If I have two editors visible, the right one locked and showing an outliner, the left just showing a document…
and I hide the right one, leaving only the left editor, when I then bring the right editor back, the view has changed. It is no longer locked and now displays the same document that the left editor does.
Is this expected behaviour? Is there anything I can do to prevent it, so that temporarily hiding a locked editor doesn’t lose its outliner view?
Thanks in advance,
Yes, this is expected behaviour, when you close a split you are “destroying” that session, and any temporary aspects of that session, such as which document you were viewing are dismissed.
Do note however that there are things which are not session specific, such as document viewing history. If you bring up your split again after half a day of not using it, sure you won’t be seeing the document you were working with in it—but you can very simply just click the “Back” button in the header bar to return to where you were.
It’s a bit arbitrary, but you have to balance what you are trying to do with other scenarios—for example one might have closed the split weeks ago and just wanted to use it to scroll up to a higher position in the document they are editing, but instead this outliner from a week ago (or worse, a huge Scrivenings session that takes some seconds to assemble) loads, and how do you get the current document you were editing into the pane easily—it might not even be visible in the Binder at the moment. The current behaviour makes your workflow easy enough—just hit a button to get back to where you were, and meanwhile it makes a fresh usage of the split feature easy as well.
Thanks for the response and the explanation. I agree that it might be frustrating to find a large scrivenings session reloading itself unexpectedly…
… it’s also the case that one of the scrivener’s strengths is its usability on small screens. I work both on a 24" monitor, and on an 11" netbook, and it is equally usable on both of them. In the latter case the easy usability really depends on being able to quickly and easily hide and unhide panels and editors, and it would be nice to be able to choose to retain the previously-displayed session.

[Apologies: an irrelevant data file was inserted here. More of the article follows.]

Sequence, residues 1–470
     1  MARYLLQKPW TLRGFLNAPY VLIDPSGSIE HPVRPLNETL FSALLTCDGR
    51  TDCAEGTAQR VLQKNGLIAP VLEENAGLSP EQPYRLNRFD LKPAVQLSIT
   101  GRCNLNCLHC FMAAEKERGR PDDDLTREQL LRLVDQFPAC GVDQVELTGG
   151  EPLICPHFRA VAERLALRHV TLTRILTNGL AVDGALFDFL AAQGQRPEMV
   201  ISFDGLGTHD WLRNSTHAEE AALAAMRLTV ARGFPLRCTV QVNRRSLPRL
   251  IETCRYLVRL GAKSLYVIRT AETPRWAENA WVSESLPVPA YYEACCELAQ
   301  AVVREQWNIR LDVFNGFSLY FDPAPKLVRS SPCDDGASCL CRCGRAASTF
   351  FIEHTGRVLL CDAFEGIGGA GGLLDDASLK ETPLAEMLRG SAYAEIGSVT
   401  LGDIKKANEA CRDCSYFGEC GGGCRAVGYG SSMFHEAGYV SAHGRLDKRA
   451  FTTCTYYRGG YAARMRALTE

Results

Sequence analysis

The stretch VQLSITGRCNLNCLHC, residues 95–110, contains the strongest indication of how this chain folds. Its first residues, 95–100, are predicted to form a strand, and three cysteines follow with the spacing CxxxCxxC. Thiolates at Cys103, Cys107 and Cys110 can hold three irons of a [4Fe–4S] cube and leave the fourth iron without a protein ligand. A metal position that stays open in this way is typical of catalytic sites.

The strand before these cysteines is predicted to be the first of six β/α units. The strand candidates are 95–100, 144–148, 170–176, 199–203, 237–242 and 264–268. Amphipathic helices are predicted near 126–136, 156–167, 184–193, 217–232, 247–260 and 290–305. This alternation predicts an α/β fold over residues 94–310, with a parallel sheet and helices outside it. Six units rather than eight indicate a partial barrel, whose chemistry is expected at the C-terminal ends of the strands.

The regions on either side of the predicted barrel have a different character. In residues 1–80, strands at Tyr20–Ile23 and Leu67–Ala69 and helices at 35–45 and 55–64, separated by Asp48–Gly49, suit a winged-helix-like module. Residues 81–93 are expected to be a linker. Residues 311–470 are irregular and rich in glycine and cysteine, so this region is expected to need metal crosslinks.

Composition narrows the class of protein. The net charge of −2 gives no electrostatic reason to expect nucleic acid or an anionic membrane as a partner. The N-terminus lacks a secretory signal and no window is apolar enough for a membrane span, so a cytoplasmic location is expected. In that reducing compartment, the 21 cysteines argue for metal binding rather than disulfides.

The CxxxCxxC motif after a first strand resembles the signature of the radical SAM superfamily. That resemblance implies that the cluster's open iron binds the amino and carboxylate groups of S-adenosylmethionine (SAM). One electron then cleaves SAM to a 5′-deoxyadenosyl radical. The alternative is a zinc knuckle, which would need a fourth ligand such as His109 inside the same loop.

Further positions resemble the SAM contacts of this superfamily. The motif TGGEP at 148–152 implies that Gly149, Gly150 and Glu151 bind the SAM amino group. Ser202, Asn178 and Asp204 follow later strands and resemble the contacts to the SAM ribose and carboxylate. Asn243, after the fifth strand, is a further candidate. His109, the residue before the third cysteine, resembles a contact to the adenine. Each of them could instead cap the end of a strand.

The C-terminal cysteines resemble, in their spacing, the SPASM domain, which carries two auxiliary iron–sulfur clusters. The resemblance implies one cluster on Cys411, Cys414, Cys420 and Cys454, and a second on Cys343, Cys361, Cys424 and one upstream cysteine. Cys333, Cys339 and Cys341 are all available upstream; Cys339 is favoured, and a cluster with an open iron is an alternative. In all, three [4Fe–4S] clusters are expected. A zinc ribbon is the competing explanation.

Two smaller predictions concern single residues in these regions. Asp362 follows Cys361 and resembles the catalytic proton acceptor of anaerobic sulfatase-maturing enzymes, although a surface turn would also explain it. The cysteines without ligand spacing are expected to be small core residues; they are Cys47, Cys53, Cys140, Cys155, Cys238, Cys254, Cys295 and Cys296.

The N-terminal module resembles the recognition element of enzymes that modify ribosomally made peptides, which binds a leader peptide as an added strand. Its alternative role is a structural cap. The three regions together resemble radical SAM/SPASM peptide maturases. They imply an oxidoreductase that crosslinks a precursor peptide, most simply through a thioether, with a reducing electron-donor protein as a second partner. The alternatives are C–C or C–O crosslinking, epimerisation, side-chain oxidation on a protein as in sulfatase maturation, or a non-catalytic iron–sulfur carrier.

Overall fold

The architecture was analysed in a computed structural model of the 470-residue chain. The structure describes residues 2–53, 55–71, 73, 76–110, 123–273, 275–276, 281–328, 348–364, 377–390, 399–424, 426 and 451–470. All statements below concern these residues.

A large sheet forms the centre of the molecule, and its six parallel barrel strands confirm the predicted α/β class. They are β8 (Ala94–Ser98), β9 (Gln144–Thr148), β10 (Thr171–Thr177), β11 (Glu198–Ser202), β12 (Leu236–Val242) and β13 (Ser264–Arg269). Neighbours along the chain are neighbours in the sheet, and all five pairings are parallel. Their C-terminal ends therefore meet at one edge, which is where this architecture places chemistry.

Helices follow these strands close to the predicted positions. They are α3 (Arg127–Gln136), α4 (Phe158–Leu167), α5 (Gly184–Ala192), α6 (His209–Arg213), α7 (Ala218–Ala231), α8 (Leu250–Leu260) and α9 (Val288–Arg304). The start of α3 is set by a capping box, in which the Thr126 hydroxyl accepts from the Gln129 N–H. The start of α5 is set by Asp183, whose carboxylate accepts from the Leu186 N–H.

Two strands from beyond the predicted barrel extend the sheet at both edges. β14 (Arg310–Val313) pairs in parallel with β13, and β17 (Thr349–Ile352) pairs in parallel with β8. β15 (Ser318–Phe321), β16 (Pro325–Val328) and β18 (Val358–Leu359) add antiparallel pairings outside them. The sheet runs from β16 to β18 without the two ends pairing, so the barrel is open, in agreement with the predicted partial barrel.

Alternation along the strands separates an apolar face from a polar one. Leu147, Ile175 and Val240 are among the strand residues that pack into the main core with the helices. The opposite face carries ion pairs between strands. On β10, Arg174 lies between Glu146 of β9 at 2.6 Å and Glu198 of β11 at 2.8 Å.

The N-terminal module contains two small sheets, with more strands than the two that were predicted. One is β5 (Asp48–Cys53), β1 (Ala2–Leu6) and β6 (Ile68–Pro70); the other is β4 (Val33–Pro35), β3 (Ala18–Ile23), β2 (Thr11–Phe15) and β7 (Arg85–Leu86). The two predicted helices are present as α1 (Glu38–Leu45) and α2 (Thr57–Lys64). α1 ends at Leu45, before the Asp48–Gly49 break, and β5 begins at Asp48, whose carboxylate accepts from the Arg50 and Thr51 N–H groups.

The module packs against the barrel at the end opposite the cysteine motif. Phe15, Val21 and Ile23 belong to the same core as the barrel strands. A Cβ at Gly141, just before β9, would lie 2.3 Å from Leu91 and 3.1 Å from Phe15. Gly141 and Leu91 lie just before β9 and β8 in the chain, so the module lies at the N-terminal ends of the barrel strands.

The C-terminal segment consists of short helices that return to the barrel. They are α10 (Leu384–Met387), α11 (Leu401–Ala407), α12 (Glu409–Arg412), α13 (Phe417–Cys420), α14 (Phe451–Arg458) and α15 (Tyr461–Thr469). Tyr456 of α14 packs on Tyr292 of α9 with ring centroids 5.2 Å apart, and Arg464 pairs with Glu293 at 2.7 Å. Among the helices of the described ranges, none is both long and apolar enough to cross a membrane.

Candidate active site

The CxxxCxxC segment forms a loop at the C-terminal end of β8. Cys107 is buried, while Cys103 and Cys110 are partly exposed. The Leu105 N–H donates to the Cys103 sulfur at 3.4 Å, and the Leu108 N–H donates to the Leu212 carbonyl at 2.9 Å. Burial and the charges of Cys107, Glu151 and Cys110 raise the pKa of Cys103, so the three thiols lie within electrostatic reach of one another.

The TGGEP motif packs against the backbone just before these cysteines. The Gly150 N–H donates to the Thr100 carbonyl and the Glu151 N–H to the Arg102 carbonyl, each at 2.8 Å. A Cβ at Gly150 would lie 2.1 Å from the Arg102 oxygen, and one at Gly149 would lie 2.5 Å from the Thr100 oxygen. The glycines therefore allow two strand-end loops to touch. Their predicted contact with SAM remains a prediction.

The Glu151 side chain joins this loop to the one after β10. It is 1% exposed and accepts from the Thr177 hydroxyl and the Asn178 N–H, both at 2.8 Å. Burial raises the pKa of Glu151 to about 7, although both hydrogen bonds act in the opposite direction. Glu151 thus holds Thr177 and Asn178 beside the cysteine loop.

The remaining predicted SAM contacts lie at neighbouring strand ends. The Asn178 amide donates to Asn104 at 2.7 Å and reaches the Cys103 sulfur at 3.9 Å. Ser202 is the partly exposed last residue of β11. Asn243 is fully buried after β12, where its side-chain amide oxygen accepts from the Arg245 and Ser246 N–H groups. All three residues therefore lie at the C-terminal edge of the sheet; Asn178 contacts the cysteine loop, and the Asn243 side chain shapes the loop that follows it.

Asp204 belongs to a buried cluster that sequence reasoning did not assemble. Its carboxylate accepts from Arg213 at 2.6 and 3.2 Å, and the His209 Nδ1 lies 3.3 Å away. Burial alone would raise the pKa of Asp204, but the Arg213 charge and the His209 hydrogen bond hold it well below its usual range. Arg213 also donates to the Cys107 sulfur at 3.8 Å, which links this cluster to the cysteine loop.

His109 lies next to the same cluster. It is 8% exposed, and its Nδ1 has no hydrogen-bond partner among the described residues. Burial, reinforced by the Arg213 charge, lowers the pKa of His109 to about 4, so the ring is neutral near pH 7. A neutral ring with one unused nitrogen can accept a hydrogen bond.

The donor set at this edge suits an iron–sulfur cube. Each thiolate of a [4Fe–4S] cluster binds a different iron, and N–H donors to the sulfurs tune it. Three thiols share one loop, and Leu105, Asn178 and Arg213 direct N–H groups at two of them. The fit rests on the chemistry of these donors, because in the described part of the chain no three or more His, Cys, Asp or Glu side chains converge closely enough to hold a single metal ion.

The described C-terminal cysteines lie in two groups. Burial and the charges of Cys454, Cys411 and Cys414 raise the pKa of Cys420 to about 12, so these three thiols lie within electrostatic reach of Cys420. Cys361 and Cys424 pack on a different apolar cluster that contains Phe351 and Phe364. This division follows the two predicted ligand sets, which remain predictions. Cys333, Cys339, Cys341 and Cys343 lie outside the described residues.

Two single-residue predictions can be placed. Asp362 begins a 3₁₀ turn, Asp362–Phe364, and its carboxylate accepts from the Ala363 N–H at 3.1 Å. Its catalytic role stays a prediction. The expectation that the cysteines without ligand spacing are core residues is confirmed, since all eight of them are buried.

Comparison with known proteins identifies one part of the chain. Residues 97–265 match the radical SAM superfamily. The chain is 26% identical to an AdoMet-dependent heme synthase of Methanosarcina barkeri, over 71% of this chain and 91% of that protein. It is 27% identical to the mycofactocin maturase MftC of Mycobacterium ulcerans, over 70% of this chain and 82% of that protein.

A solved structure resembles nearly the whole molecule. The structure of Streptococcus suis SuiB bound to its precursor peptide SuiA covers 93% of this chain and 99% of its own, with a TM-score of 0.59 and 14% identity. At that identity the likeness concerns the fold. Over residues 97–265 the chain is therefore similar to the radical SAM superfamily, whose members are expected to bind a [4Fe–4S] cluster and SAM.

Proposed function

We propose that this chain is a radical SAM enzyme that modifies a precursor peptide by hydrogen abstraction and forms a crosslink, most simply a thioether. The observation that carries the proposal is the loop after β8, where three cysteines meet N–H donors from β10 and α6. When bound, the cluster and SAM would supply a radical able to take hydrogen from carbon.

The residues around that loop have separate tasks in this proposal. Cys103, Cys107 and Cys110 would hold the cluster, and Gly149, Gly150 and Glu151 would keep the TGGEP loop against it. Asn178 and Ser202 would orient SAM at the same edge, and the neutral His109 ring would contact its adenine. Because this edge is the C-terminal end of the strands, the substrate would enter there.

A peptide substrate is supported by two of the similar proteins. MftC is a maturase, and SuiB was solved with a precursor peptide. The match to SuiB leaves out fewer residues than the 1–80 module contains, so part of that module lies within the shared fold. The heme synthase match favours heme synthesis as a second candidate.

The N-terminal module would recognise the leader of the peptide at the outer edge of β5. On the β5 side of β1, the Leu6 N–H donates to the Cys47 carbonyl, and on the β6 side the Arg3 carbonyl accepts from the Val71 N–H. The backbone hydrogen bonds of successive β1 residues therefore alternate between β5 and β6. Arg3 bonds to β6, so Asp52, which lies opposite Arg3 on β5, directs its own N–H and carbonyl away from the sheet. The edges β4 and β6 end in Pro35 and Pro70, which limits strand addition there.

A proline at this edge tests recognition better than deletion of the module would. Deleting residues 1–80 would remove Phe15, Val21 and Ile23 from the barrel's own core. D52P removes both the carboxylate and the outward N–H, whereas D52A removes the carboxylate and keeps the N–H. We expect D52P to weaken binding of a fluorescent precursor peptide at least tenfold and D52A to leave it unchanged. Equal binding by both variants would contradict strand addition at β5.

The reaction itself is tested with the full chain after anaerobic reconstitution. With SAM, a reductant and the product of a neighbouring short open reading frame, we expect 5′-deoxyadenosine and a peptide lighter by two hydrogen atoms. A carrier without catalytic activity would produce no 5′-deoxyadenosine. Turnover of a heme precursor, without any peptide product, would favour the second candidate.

Maybe quickly stepping back in the editor’s history will become second nature after a bit of practice though!
Just want to note that David’s suggestion was for a variant behavior when a locked editor pane is hidden and revealed. Routine splitting behavior would be unchanged. It’s not a need I’ve encountered, but I think there’s an excellent case for respecting that lock, to enable the quick toggling of a secondary document or, indeed, a Scrivenings view.
Rgds – Jerome
Perhaps a solution would be to have a global option along the lines of ‘locked editor remembers session’, which could be toggled on or off. Then users for whom it is not useful could keep the current behaviour—while those who need it (eg users with small screens) could choose (at their own risk!) to have locked editors retain their view.
And as Jerome points out, there is no reason why this would mean that an unlocked editor need retain its session after being hidden.
That exclusion does make a kind of sense, to strengthen the lock behaviour to include even cases where it may not be visible. We’ll give it some thought, thanks!
Another tip for small screens, if you aren’t already doing so, is to dispense with the Binder if you aren’t using it (and there are many ways to get around that don’t involve using it). Getting used that Ctrl-Shift-B shortcut is a great way to reclaim a pretty nice chunk of screen space when you need it.